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【整理】SENEWS-2004-0803-1530

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It is 15: 30 Universal Time. I'm Steve Ember in Washington.

Committees of the United States Congress have begun hearings about the terrorist attacks of September 11th, 2001. The committees are discussing suggestions from an independent committee that investigated the attacks. On Monday, President Bush supported creation of the new government position of national intelligence director. President Bush also supports creation of a national center to work against terrorism. American officials say a recent terror warning is based mainly on information collected by al-Qaeda before the 2001 terrorist attacks. They say much of the information about the 5 financial centers is 3 or 4 years old. The officials say they do not know if al-Qaeda agents are still watching the same buildings. Homeland Security Chief Tom Ridge is urging Americans to be watchful. Since Sunday security has been increased near the buildings in Washington DC, New York City and Newark New Jersey. Most of the information was found on a computer seized during raids in Pakistan last week.

At least 6 Iraqi national guardsmen were killed Tuesday when a bomb exploded near the Iraqi city of Baquba. 6 others were wounded in the explosion. Earlier, a bomb explosion in Baghdad killed a local police chief and wounded 2 other officers. Also the United States military says resistance fighters bombed an oil pipeline in northeastern Iraq. Military officials say that attack has delayed efforts to export Iraqi oil through Turkey.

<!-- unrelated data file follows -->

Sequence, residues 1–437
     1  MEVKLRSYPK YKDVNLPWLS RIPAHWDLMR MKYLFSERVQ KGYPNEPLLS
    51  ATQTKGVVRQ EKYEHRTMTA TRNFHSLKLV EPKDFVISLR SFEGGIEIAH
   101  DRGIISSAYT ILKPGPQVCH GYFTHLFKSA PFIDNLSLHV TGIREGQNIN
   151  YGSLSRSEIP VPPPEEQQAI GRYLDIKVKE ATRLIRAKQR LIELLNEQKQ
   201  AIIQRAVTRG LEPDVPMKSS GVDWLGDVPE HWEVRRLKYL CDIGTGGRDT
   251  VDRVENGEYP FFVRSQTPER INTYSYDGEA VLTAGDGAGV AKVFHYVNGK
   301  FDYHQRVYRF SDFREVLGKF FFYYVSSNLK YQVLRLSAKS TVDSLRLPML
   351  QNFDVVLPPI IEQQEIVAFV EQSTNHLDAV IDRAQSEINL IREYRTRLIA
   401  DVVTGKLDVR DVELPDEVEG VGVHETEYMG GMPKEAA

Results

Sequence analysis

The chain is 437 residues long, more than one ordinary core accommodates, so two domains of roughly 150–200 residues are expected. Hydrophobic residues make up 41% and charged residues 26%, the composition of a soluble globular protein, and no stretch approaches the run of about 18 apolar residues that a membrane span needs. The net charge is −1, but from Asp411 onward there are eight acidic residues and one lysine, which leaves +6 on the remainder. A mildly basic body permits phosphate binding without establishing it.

Turkish Media are attempting to identify the killers of a Turkish hostage in Iraq. A video recording released Monday showed the hostage truck driver Murat Yuce asking Turkish companies to leave Iraq. He was then shot and killed by his kidnappers. Some of them were heard speaking in Turkish. A group led by Abu Musab al-Zarqawi of Jordan claimed responsibility for kidnapping Mr. Yuce. Turkish media say some of the kidnappers may be linked to militants responsible for bomb attacks against British and Jewish targets in Istanbul last year. Those bombings killed more than 50 people.